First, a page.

The Algona Upper Des Moines from Algona, Iowa on March 30, 1898 · Page 6
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The Algona Upper Des Moines from Algona, Iowa · Page 6

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Algona, Iowa
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Wednesday, March 30, 1898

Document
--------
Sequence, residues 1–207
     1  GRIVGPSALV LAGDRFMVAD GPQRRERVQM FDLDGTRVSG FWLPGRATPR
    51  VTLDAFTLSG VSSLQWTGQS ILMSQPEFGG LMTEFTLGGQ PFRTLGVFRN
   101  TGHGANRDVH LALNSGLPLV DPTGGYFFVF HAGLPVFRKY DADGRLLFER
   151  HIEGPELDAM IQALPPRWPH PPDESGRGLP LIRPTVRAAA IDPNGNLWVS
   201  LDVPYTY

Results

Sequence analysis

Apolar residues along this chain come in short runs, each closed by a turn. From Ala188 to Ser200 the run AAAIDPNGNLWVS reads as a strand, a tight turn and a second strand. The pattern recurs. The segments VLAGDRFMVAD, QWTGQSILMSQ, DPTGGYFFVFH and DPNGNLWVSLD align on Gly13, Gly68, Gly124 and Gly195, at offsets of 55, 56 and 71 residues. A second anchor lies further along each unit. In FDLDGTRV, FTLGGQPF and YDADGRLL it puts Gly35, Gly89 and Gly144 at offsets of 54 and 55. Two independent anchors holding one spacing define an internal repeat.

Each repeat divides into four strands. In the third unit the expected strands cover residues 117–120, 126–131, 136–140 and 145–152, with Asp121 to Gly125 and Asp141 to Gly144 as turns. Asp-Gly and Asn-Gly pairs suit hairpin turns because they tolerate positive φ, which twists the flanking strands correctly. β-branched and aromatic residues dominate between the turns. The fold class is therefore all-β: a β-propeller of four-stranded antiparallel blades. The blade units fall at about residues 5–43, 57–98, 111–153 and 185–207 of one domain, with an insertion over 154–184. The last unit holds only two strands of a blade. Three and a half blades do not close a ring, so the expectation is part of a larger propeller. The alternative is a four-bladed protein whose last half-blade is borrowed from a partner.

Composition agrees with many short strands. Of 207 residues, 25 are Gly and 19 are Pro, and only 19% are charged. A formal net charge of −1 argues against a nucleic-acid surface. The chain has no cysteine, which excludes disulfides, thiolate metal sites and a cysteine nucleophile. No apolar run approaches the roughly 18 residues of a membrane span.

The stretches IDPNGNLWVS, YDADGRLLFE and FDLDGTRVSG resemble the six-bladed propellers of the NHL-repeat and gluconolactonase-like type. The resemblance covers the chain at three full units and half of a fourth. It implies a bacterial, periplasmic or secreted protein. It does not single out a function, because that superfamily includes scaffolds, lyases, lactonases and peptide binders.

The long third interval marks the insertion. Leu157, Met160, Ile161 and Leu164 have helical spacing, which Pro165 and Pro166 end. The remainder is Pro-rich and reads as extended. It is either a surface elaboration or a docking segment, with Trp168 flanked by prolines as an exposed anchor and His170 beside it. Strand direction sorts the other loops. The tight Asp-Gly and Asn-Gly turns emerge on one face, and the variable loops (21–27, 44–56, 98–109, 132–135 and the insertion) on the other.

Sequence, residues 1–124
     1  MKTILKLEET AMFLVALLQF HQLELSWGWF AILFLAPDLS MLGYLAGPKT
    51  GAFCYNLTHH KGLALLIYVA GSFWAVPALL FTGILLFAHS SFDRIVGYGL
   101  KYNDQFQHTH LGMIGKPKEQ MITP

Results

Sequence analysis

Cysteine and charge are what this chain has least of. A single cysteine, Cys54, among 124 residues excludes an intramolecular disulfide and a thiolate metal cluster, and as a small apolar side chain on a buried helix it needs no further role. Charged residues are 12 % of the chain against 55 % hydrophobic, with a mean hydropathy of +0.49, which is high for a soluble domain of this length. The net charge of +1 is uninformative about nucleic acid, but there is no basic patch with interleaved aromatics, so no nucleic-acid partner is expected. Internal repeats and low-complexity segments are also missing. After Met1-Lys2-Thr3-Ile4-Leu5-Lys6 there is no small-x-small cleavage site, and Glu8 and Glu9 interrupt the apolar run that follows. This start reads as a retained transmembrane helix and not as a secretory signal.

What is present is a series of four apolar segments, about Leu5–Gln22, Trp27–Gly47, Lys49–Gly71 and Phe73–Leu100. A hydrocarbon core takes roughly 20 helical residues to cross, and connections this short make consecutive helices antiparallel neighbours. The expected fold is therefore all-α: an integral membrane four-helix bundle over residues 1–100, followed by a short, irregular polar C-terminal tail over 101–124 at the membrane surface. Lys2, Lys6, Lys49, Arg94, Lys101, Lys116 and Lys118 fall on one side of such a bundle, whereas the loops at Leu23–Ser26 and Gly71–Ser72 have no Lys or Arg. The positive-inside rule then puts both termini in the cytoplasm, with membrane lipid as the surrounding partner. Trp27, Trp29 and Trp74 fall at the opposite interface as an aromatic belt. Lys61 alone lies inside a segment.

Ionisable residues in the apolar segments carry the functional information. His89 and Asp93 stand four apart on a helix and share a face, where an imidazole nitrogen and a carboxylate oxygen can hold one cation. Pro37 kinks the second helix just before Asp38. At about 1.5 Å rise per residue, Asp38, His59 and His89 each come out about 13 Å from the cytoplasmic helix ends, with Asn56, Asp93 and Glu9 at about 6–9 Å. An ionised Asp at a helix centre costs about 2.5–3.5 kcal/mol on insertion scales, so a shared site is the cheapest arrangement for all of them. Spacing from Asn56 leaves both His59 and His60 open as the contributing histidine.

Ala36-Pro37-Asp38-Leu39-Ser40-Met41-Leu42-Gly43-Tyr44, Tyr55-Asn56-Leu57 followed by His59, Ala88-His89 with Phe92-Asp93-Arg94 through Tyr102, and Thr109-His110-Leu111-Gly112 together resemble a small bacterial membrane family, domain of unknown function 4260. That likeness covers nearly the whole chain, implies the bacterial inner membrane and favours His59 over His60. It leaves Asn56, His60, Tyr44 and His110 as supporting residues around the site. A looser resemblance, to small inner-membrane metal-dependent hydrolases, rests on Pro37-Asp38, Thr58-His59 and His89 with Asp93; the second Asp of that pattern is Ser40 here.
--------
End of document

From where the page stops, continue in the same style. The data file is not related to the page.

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mi UPPER **UUUttMi*iih>MUU ALGONA, IOWA. WEPNE8DAY' MARCH 30. 1898. PECULtAR SUICIDE. fctfrt ^Artisoft BMtft TAkcs ftcr tlfe TVHh frnselo Acid. fbftt MAbtsos, March 25.—Fdtt Madisofc is wlldty excited over the feensational Suicide of Miss Etta .Price, daughter of C.S. Price, a, prominent resident, and distHct manager of the Nfe*c York Life Insurance Company. ?Che young lady slept Well and arose to gd to w6rk, She did not respond to & call and her toother found her in a room dettd. She had taken a small quantity of priissie acid abditt 0 o'clock, Causing instant death. For several years she had been assistant in Dr. W. F. Murray's office and knew the effects of poison well. She took a dose deliberately that would cause immediate results. She was 26 years old and of a •very handsome figure. She was a favorite in society and was engaged to ft young man until several months ago, •When the affair wns broken off. Sensational rumors as to the cause of her frash act arc afloat. RAILWAY ASSESSMENT, APPROPRIATIONS. Specific Figures on Each IJno Given Out by tho Executive Council. 1 DKS MOIKKS, March 28.—The executive council completed the assessment of railroads of the state and gave out the figures on each line. The total has not been computed exactly yet, but the assessment is increased about $15,000 in the aggregate. The total in 1807 was $44,494,431, and the total in 1806 wns $44,381,211. There was an increase in 1807 of about 5113,000. The Northwestern and Great Western railroads arc increased materially. The ."Q" and-the Rock, Island aro reduced somewhat. The Illinois Central and the other roads are not changed, except the Burlington, Cedar Rapids <fc Northern, which is increased about 8500 a mile. CAME NEAR BEINQ MURDER. Senate And Homo Committee* Agreed on Amount* to tee Allotrcd. DK8 MOINKS, March S6.—The senate and house committees on appropriations have agreed on all of the appro- priatidn bills introduced by the state institutions asking for extraordinary appropriations. The bills agreed on total $252,685. The list does not include all of the special appropriation bills of the session, but it does include all of the institution bills and One or two others. Senator Garst, chairman of the senate committee, said that he thought the extraordinary appropriation^ Would total 8300,000. Btit there are several bills which have not been ihtroailc'ed in both .houses and these remain for the committees to act on separately. Tho bills that the two committees have agreed upon, and which will no doubt go through both houses, are as follows: Anamosa penitentiary 542.825 Council Bluffs Deaf and Dumb Institute 2,050 Glen wood Homo for Feeble Minded.. (1,000 Knoxvillo Home for Blind 10,000 Benedict Home, Des Moinos 5,000 Mt. Pleasant Insane Hospital 10,500 Independence Insane Hospital 14,875 Clnrinda Insane Hospital SO,5II5 Stato University, Iowa City 81,000 Soldiers' Homo, Marshalltovvn Davenport Orphans' Homo Fish commission. Aerricultnral College, Ames Mitcliellvillo Industrial School for Girls Eldora Industrial School for Boys.. Vinton College for Blind Ft. Madison penitentiary State Normal School Cataloguing state library All OVER THE WORLD SPAIN'S tt Hnft left TORPEDO FLOTILLA. Islands tor 1,000 5.800 !),000 5,000 £,000 ii,50() 7,000 14; 130 48,000 8.000 the Cnhftry Potto Rico. WASHINGTON, March 25.—It is said President McKinley still has hopes of avoiding hostilities. He is inclined to regard the Maine affair as an incident, to pass it over for the present and seek to secure peace in Cuba by means of negotiations with Spain. Despite the president's pacific utterances, as reported by senators who have talked with him, unusual preparations for War are being made. The Spanish torpedo boat flotilla has started from the Canary islands to Cuba and the American navy is being placed on a war footing. Admiral Sicard has been retired oh account of disability. He is succeeded by Captain Sampson of the Iowa and 'Fighting Bob" Evans succeeds to the command of the Iowa. Commodore Schley will command the flying squadron at Hampton roads. A SUBMARINE MINE. Auditor Horn of Clinton County Shot by a Footpad. CLINTON, March 20.—-A daring attempt at highway robbery which nearly terminated iu murder occurred here. F. Horn, county auditor, was on his way home along one of the principal streets of the city, when one footpad suddenly siezed him and another pressed a revolver against his head and demanded his money. He refused and the fellow fired inflicting a severe wound. As he tried to fire again Horn knocked up his arm, called for help, and the fellows fled and succeeded in escaping. The victim is well along in years, a veteran of the civil war. Holdups are becoming frequent in this vicinity. ROUND SUM FOR SENATOR A. Total ¥252,085 The house passed a bill giving the Omaha exposition $30,000. The senate committee has taken no action OK it. This is one of the bills which the committees will not get together on. The Cherokee asylum bill has not been passed. It seems most probable that nothing will be given the Cherokee asylum this session, and that the work 011 it will bo delayed two years for the sake of clearing up the state debt. The house has also .passed the bill giving the historical building $30,000, and this has not passed the senate. IOWIUIB Knrmito to Alaska. SKATTLE, Wash., March 20.—A party of thirty-seven men from, Sioux City, Iowa, with Dr. J. B. Henry as leader, left Seattle for Yakutat Bay aboard the steamer Alliance. The party expects to spend two years prospecting- in Alaska. Disaster to tlio Maine WHS Caused by nn Kxtcriml Kxploftlon. WASHINGTON, March 20.—The Maine was destroyed by an external explosion. Such is the. statement made in the report of the court of inquiry which was considered by the cabine"t yesterday. The court docs not fix responsibility for the disaster, but the inference is that a floating submarine mine caused the destruction of the ship. While neither Spainnor Spaniards are accused, war preparations were pressed yesterday with unprecedented vigor and to-day the army uud navy of this country are on practically a war footing. Spain has been notified of the findings of the American board and asked for an explanation. REPORT IN WASHINGTON. IOWA • - . • - SENATE. DCs Moines. torch 25.—By ft vote of __ to 18 tho senate adopted the Whelan joint tesplntipn proposing to change tho constitution m regard to the make-up of the house of representatives. The resolution provides for one member from each county, and one additional member for each county whose population is more than three-fifths in excess of the average. In effect it would make an increase of of ten members in the house, nine of whom will como from northwestern Iowa. A limit of 116 members is provided. Cheshire secured the adoption of his resolution asking congress to moke Port Arthur, Texas, a sub-port of entrv Gorrell presented a resolution requesting becretary Long to christen one of the two new cruisers Des Moines. House bill appropriating &80.000 for exhibit at Omaha was amended to make the sum 120,000 and passed. Bill appropriating $30,000 for the state memorial and art hall passed. Bills appropriating *42,825 for the penitentiary atAnartiosa and $5,000 for the Benedict home also passed. HOUSE Little business of importance was transacted. The appointment of a sifting committee was authorized. Among bills passed wore Ellison's habitual criminal act and the senate bill requiring applicants for teachers' certificates to pass an examination in didactics. * SENATE. Des Moines, March 20.—The resolution to ask the secretary of the navy to name a battleship Des Moines was killed. Appropriation bills were passed as follows • To restore Stato University library, one-tenth mill tax for ono year; Amos college $5.000 for a carpenter shop, also permitting tho H,,, I nlf c ^? dl '" lW ' an " nos " OT1 dcd balance of W.OUD; Mt. Pleasant, insane hospital, 810,L» ™,? 11>lf i' industrial school, Mitehellville, JM.OOO; state veterinary surgeon, $10,000; bluto Agricultural Society, &~>,000: Davenport orphans'home. $5,000; Cherokee hospital for inwme, *100,000; stato traveling library. ¥2,000. Bills were also passed re- IOWA CONDHNSKD. Thos. Hampton was instantly killed In a clay pit at Ottumwa by being A Representative of the Austrian Gov. eminent Purchases Him. DES MOINES, March 26.—C. E. Alexander, the owner of Senator A., has Bold the horse to a representative of the Austrian government for $5,000. The horse will be delivered by April 15. 'Senator A.'s record is 2:10. He •won the Transvaal stake at Lexington a' year ago last summer, this being worth $3,500 clear. He has been a good winner on the grand circuit for the last two seasons. Alexander bought him nine years ago for $20, and began driving him on the track soon afterward. Senator A. is ten years old. _ . '• THE BOARD OF~CO~NTROL. Oar. Slmiv Appoints £ai-rabee, Klnne and Cownie. DES MOINES, March 25.— Gov. Shaw has appointed ex-Governor Larrabec, ex-Judge Kinne and John Cownie as members of the board of control. The friends of the board of control bill arc well pleased with the selections. Governor Larrabbo is appointed for the two year term, making him president of the bpard. Judge Kinne is given the four year term and John Cownie the six year term. ' McGcary Indicted for Murder. DUBUQUE, March 26.— The grand jury of Dubuque county returned an indictment for murder in the first degree against John McGeary for the murder of William O: Lavake. The accused is held in jail without bail. It is likely the trial will take place during the present term of the district court, now in session. Short 84,000. BVBUNGTOX, March • SO.— The committee examining Auditor Fear's accounts have discovered a further (shortage of 51,200, which makes the total shortage for which the abbcond- ing official is responsible $j,000. Republican Stafo Convention In Dubuijue. DES MOINES, March 25.— The republican state central committee decided to Jiold the state coiurentipn in Dubuque pn September 1. | Congressman Laccv »s to be temporary chairman. L.ONDON, March Kg,— It ib now almost certain that Gladstone caiipot live more than three ov four day*. JIjs condition is critical and the physician*. , can do nothing but Alleviate t'he pain , hp suffers. caught under falling shale. Des Moines dispatch: The resignation of J. 13. Wickham as local trustee of the Glenwood institution for feeble minded children was laid before the governor and accepted. Governor Shaw at once announced the name of Dr. F. M. Shriver to succeed him. Before tendering his resignation Mr. Wickham made a settlement in full for all funds wrongfully withheld by him. , . Sioux City dispatch: The G. IT. Hammond Company, of Hammond, Ind., and South Omaha, Neb., is nego- tiatingwith the Credits Commutation company for the reopening of the Silberhorn packing plant, to which the Commutation company secured title among other properties soon after tho panic of 1893. The plant is one of the largest in the country, but has been closed for several years. John. P. Harudoii, a well known farmer living south of Roland, was a few days ago .thrown from his milk wagon while his team was running and seriously injured. An ugly scalp wound was inflicted and two of the fingers on his loft hand were broken and the flesh torn from a third. It is thought that the scalp wound, in which about four square inches of the scalp is. torn from the skull, will not prove fatal. Barnum, a small toM'ii west of Fort Dodge, was visited a few days ago by a disastrous fire. About 4 a, m. a building which is owned by P. T. Con, norfs and occupied by the drug firm o) John H. Dean & Co., was discovered in flames. The firo spread to the adjoining building, owned by John Dwyei and occupied by a millinery stock. Both buildings and stocks were totally destroyed. The loss will amount to over §5,000. Merry Henborne, a young man from the country, became intoxicated at Osc'eola recently and on being arrested attempted to r«m, He was ordered to halt, but not heeding it, Nig lit Watchman Bartlctfc shot after him, the ball (.hiking his back, ranging along the spine. Henborne still lives, but the lower part of his body is helpless and the physicians think he will die. Public opinion is somewhat divided, but few harshly cr'ticise Bavllett, as Jlenborno wa& a fellow who usually made trouble for the officers when in town. Henborne is unmarried. $95,000 to loan atoncetipon improved town propertiet., Good agents wanted. Iowa Deposit & Loan Cp. , Det. Moines, Ja At PCS Moines recently the state conference of charities and cotrectiohs «lo^dits three days' session, living perfected a pjn-inanmt /.Icutcnunt Commander Mnrlx Arrive* With tho Important Docuiuout. WASHINGTON, March 25.—The report of the naval board of inquiry into the Maine disaster was received in Washington at 0:35 o'clock last night. The four naval olliccrs who have guarded it watch and watch since its departure from Key West were hustled at once into a carriage by an attache of the navy department and driven to the Ebbitt House. The party consisted of Lieutenant Commander Marix, Lieutenant John Hood, Lieutenant Carl Jungen, Past Assistant Engineer Bowers, A. T. Bowers, a nephew of the judge advocate, and Ship Carpenter Helms, of the Maine's ill-fated crew. Looks as If War Must Coin p. CHICAGO, March 37.—"It looks very much to me just now as if war between this country and Spain was inevitable," said Interstate Commerce Commissioner W. H. Calhoun. Mr. Calhoun went to Cuba as commissioner of the government and investigated the condition of the starving patriots on the island. "I have h'oped until recently," he continued, "that the two countries would be able to find some way of adjusting the pending troubles without recourse to arms, but it looks now as if war were bound to .come. Everything Eeems to point in that direction. The nir is full of significance of preparation on both sides, and public sentiment in this country has even among the more conservative people come to regard war as the only logical outcome of the present situation." Spain Says It Cainu From Inside. WASHINGTON, March 37.—The Spanish government has cabled officially to Washington,^' that the Spanish naval commission hold the disaster to the Maine to bo of internal origin. The government of Spain, it can be stated positively, is not disposed to turn back the torpedo flotilla now proceeding from tho Canaries, and would be disinclined to consider a suggestion from this government tending to interfere with the disposition by Spain of hoi- own naval forces. ,,,, °L , *• yl «isant and Independence hospitals for the insane from §14 to SI 2, and tho Clarlnila hospital from $14 to $18; reducing tho per capita support fund of tho industrial school* from $11 to $10; and increasing tho minimum ago when children sliall bo admitted to tho Council Bluffs home for deaf and dumb from live to seven years. nousic. A conference committee on the Omaha appropriation was appointed, both tho houses refusing to accede to each. Tho senate gives $20.000 and tho house ?80,000. J ho bouso killed tho plan to provide a sec- rotary for the board of educational oxam- " lel 'f- J-ho house passed tho bill to lower tlio interest on stato warrants from 0 to 5 per cent. FIFTY-FIFTH CONGRESS. SESATB. Washington, March 21.—Little business of importance was transacted. Bacon introduced ah amendment to tho Hawaiian annexation resolution providing that tho resolution shall not bo effective until the question shall have been passed upon affirmatively by tho electors of Hawaii. Allen secured the passage of a resolution calling upon the secretary of the interior for information as to the number of all classes of pensioners, including the percentage of men and women and children carried on the pension rolls. House. The house unanimously passed the bill for the relief of the survivors and victims of the Maine disaster. The bill reimburses the surviving officers and men for the losses they sustained to n.tt amount not to exceed one year's sea pay, and directf, the payment of an equal sum to the legal heirs of those who perished. SENATE. Washington, March 15.—In an address Senator Caffery, of Louisiana, to-day advocated placing all quarantine powers in the linuds of the federal government, also adding that he was as staunch a state's rights advocate as any other man. BOUSE. The house spent the day on the contested election case of Thorpe vs. Epps, from tho Fourth Virginia district. Tho naval tho increase tho nnvy allows to be constructed by contract three first class heav- ly armored battleships, of 11,000 tonr lach. to cost, exclusive of armament, not over *a,000,000 uiich. one to bo named the Maine; six torpedo .boats, six torpedo boat destroyers, ono gunboat to take the place of tho U. S. S. Michigan, the contracts or all of these to be made within sixty lays after tho passage of the bill. SHIPS TO GATHER. f .Squadron Soon to Organize at lliunptou ItoadB. WASHINGTON, March 27.—A flying squadron at Hampton Roads lias been organized. It is to be commanded by Commodore Winficld Scott Schley, whose flagship is to be the fine armored cruiser Brooklyn. The command at present comprises three vessels—the Brooklyn, Columbia nnd Minneapolis, all ocean greyhounds—but in a short time tho squadron probably will be swelled to about a do/en ships, including the St. Paul and the St. Louis of the American line, which were built so that they could be turned into efficient fighting machines at a few days' notice. SENATE. Washington, March SI—In the senate, :3acon, of Georgia, introduced a resolution that while the policy of tho United States was to maintain Honor it was also its policy at all times to maintain peace as long as consistent and especially in tho present emergency. Tho bill for tho relief of tho survivors of the Maine passed without debate. Senator Gallinger. who but recently returned from Cuba, added his testimony on tho terrible conditions existing in that country. Ho expressed tho belief that Cuba is lost to Spain and that its independence or absorption should speedilv come. HOUSE. In the contested election case of Thorp vs. Epps, Thorp, rep., was given the seat by a solid parly vote. SENATE. Washington, March 24.— Senator Thurston spoke on the Cuban question from personal observation. Thii'-stoii made a touching allusion to his wife's death by saying that he was about to speak "by the command of silent lips." His description of tho sufferings of the rcconeentrndos accorded iu full with those of Proctor and Galliiiffer. • He declared tho published stories were not exaggerations. He commended tho course of President McK'nlev but declared that the time for action had come, as there was no longer aiiv hope for betterment. Ho declared that it \vas toe late for the recognition of belligerency or independence.to be of avail, and he opposed annexation. Tho only thing loft was intervention for the establishment of independence of the island. tho LOOKS FOR A SIEGE. lilanco at AVork on Defenses for the City of Havana. HAVANA, March 27.—Blanco has entered upon his final preliminary to war. The military council decided to begin at once the construction of sand works to cover the exposed guns in the shore batteries. Some 200 men. arc digging sand from the old bed of the Almeiidarez river for the battery protection. The contractors are under heavy penalty to build works sufficiently high to cover the guns within the period of fifteen days, and circulars are out offering immediate employment to 1,400 men. The Mangrove to Havana. KKV WEST, March 30.—The Mangrove has sailed for Havana with orders to take on all the American officials in that city with the exception of Consul General Lee It is feared that the knowledge of the court's report has brought the anti-American sentiment to a climaxv Another Torpedo Boat Purchased. LONDON, March 27,—Commander Colwell, the United States naval attache lierc, has bought for the United States the first class torpedo boat built at ehlchou for Germany. She is ready ;o sail. England Looks for War. LONDON, March 28.—There is little hope here that hostilities can bo averted between the United States and Spain and it is believed the revelation officially made regarding the destruction of the Maine will so combine the other factors of the situation, as to make war inevitable, though it is still regarded as possible that Spain, at the lust moment will see the hopelessness of maintaining their position and yield to the inevitable. HUKVITIKS. . decided tffl.jneet nejrf Haryh, in n., -f he p.cwanen,t oncers by the society are a* jajs, W, W. tost HP* preside;^, Major '. |ftiir0^4o09j(mis«jone 'by Ohio Klver on H Kaiupage. CINCINNATI, March 25.—The Ohio i-iver is on a rampage and immense damage has been done in, the cities and towns along its banks. A dozen or more fatalities are reported, Rail- •oads aro the heaviest losers finan- lially. ^^ Sim In Will Jaime UonUs, MAJHUD, Maiyh SO.—The Bank of Spain is to lend the Spanish government aoo.OOO.'OQQ pesetas, guaranteed by tho new treasury notes. . -V whistljng eel has been discovered in the Frj; islands, it O nh' whistles when excited, about 0mJ4fth' of then* have Dyspepsia, caused by laziness ftijd inactivity. The flying frog 'of Borneo has long- toes, which »re ^vcbhed to the tir-s. tys feet thus a.cts as little parachutes, »ua enable the "frog to leap'from lofty trees and descend gradually. A Shakespearian garden is ojg,e of »a««§i 04 Warwick Castle, tti86unerintend,ed,h; ~ - A Madrid dispatch describes an interview with Senor Pi y Margali, at one time president of the Spanish federal republic and chief of the ministry, in which he is reported as declaring that Cuba is practically lost to Spain. "Spain is exhausted," he is reported as saying. "She must" withdraw her troops and recognize Cuban independence before it is too late. By an immediate recognition she would obtain payment for a portion of tho war, debt and commercial advantages," Havana dispatch: It is known positively that negotiations between General Pando's emissaries and General Garcia and other prominent insurgents, in which the offevs of practical independence are said to have been made, l»ave proved an absolute failure. Pando's command is again moving eastward. The fact that the insurgent general, Gomez, remains inside the Jnearo-Moron troeha, in Pando's rear, •makes the latter a subject of criticism by military men in Havana. Premier Sagasta, of Spain, is quoted in a recent interview as spying UODSE. The house spent tho day in consideration of the naval appropriation bill. 1IOUSB. _ AVashington, March 25.—While the house in committee was considering tho naval appropriation bill a ruling, which iu effect compelled members to confine their remarks under the five niiuuto rule to the subject before the house, was made against Mr. Hartnuiu, sil. rep., who attempted to make a political speech. The ruling was denounced as a usurpation and appeal from tho ruling was taken. When all else failed, every expedient was resorted to to block progress with tho bill. As a result but four pages were disposed of. HOUSE. Washington, March 20.—Tho house spout tho day debating tho naval appropriation bill. Several speakers declared that war already existed between Spain and tho United States and every utterance in favor of aggressive action against Spain was applauded by the crowded galleries. Who Oivns the U. 8. Patent Office? DES MOINES, March 24.—We frequently hear complaints about the manner in which officers serve the people. Men elevated from the rank of private life to positions of trust, honor and emolument often assume an air of importance and haughtiness that is quite offensive to the humble citizen who, as one of the sovereign people has a right to expect civility in his intercourse with every public servant —from cross-roads postmaster up to president. Men who honor their office have the good sense to remember that tho poorest and humblest citizen should be served as courteously and faithfully as the proudest and wealthiest aristocrat. But, alas, how many dishonor their places and are servile and fawning to tho influential and indifferent, condescending or haughty to common people. And o.ften the lower the grade of the office the larger the degree of self-importance manifested Deputies and clerks frequently put on airs that principals are too modes tand sensible to assume. Occasionally we are glad to know, official importance and insolence gets wholesome rebuke from the dignity of private citizenship An instance of this kind occurred in tho corridors of the United States patent office and may serve as a lesson to all public servants who forget their duty. Early one morning an humble inventor and public benefactor was walking up and down in the hall quite complacently waiting for the doors to be opened. An official approached him with a look intended to annihilate the early caller and asked: "Do j'ou belong to the patent office?" The offended citizen with true manly dignity turned on his insolent interrogator and replied: "No, sir! The patent office belongs to me—and other citizens the United States!" IOWA LEGISLATURE. SENATE. Des Moines, March 32.— Tho senate ed a number of important bills. One introduced by the committee on educational. institutions makes it necessary for applicants for stato certificates to teach to pass on examination, the present law permits the issuance of these certificates to graduates of tho state normal school and the University. Bill passed increasing the pel- capita allowance of tho feeble mindea m- stitute from *10 to SIS per month and repealing tho $22,000 annual appropriation. The secretary of the board of health is secretary of the board of medical examiner's. to draw an additional salary of »600 making his total compensation ?1|800. Gilbertsori secured the passage of a bill raising the maximum fee to be charged for filing articles of incorporation from 1350 to $2.000. A bill by Cheshire providing for the taxation of fast freight companies was passed. They aro required to give in to the executive council annually a statement of all their property in the United States, together with their gross receipts in Iowa in order that the council may be able to issess them. The bill is the remnant of tho Cheshire amendment. Young's bill relating to levy and disbursement of county road fund passed. It gives to supervisors the charge of all the county road fund to bo expended 1 in or outside of cities. Bill providing for licensing and regulating stationary engineers was reconsidered and passed. nousn. The hftosc passed the board of control bill as amended by tho special bouse committee after probably the stormiest and most exciting quarter of an hour ever witnessed in an Iowa legislature. When the committee amendments, tho only important one of which was to give the board of control supervisory powers over the stato educational institutions, had been read and adopted, Niotert, chairman of tho spooial committee, moved that the bill bo passed to its third reading. A ruling of tho chair that this action could be taken by n majority vote caused an uproar which the speaker was unable to quell for several minutes. The bill passed to third reading, 47 to HI), and upon final passage received 71 votes to 20 against it. Other bills passed by tho house were Penick's bill providing for the listing and taxation of mortgages: Smith's bill to facilitate the drainage of wet lands ; Eaton's bill to prohibit illegal voting at primaries, and a senate bill relating to care and propagation of fish and the protection of birds and game. SENATE. DCS Moines, March 28.— The senate by a vote of 20 to 8 concurred in the house amendments to tho board of control bill and tho measure now goes to the governor for his sitruature. There- was no discussion. Kilbnrn's bill permitting school treasurers to leave a portion of thoir funds in tho hands of the county treasurer was passed as was tho bill known as tho Gutlirie county high school measure. restricting the power of tho board with reference to taxation, and providing certain rules relative to attendance. Tlio housq bill providing that a pharmacist's permit shall not bo revoked for offenses against tho law more than two years back passed without opposition. Among other important bills passed were the following; A bill amending tho collateral inheritance law to conform with a recent decision of tho supremo court so that this tax can bo collected; preventing the revoc- iion of a pharmacist's permit for a violation of the law more than two years prior to tho time of beginning action : appropriating §2,500 for Private John Daily, of Algona, wound- ' ed at Ft. Dodge while firing a camion salute to the governor in 1893; appropriating 81,000 for tho employment of a teacher for Linnie Hague wood. Iowa's blind girl- permitting tho retention of girls in tho reform school until they are 31 instead of 18. HOUSE. Tho house voted to indefinitely postpone Ray's bill, which as amended by the judiciary committee, made homesteads which exceeded $2,5000 in value liable for debts contracted by families for the necessaries of life and all goods sold by merchants. llie application for pardon by Bernard Kennedy, serving a life sentence for tho murder of his wife in Dubuque was granted. Senate amendments to the Hinkson county high school bill were concurred The amendment provides for the submission of tho question to a vote of the people of Guthrie county. SENATE. Des Moines, March 24.— The senate passed tho house primary election bifl with a few important amendments. Tho word caucus wherever it appears in the bill was Btncken out. There was some discusuion after the measure was adopted as to whether or not this did not practical v destroy the intent of the bill. Tho bill requiring' 'a husband or wife to testify against the other in case of fraudulent transfer of property in charge passed bv -i vote of 81 to 8. *he house bill allowing " r °P ei ' ty to be redeemed withiK reclosure notwithstanding any contract thereto, was also passed irousE. The house reconsidered and passed the bill by Bird giving counties the right to demand the return from the state hospitals of then- incurable insane. The senate to feoffn? 1 ' the bm ? by , Ladd in re'lu OH 10 lees tor renewal of certificates authority to insurance IS of P T11 ° con ?. uwe »' bmlth of Greene, directing that the tos- by th ° committee appointed s hal , i " vesti !??to the state institu- 6ll ' U " SCnbed Und placed o» nf PRESIDENT'S PLANS. Relative to Makes 1'ubllo His Program C'ubn. WASHINGTON, March 28 —i McKinley will take no action • ent on the Maine incident. He prefers to leave that mutter to "the adjustment of a more quiet period." The ™ port of the Maine court of inquiry will be sent to congress to-day. 'Tuesday or Wednesday lie will ask cono-rei £^.«H> to feed reconcentradoe's ^ ' Cuba. Later ho will ask Spain to make terms with the Cubans and eiul the-war. This failing- lt », . ;"" policy to forcibly intervene on itarian grounds. of that the government entirely approves Bunco's conduct jn denying that the Maine's magazines were blown up with dynamite, as> the Americans »ave alleged. , The newspapers published in Vienna announce that Japan, between 1895 and 1905, w.ill have expended 135,000,000 yen in the building pf warships. Forty-seven have already keen, ordered with short terw of delivery j» Eng- Fwce, Germany and thsVnitejJ _ Valuable information about obtaining, valuing and selling patents sent tree to any address. THOS. G. On win & Co., Proprietors Iowa Patent Oflioe. Some IMtish dentists' use molten glass for flliing teeth. It is prepared which make the with some chemicals glass malleable and durable. A strange accident caused the death of Arthur Garvey, a/ merohant of Rocky Mount, N. C. While he was dressing he fell against a window, and his head passed through the brok- PW_glass, which ruptured his jugular vein. - s. Under the streets of Edinburgh'there is an abandoned railroad tunnel a mile W length. For years it has been used AS a inushropHa f W m, and the •evuwyatws hftye produced, an of 5,0,00 pounds pf iwushroonsa Kearsargo and Kentucky launched fcuwoHT NEWS, Vu., March SS.-i'ho new battleships Kearsarge and tucky, regarded ;,s the cum, female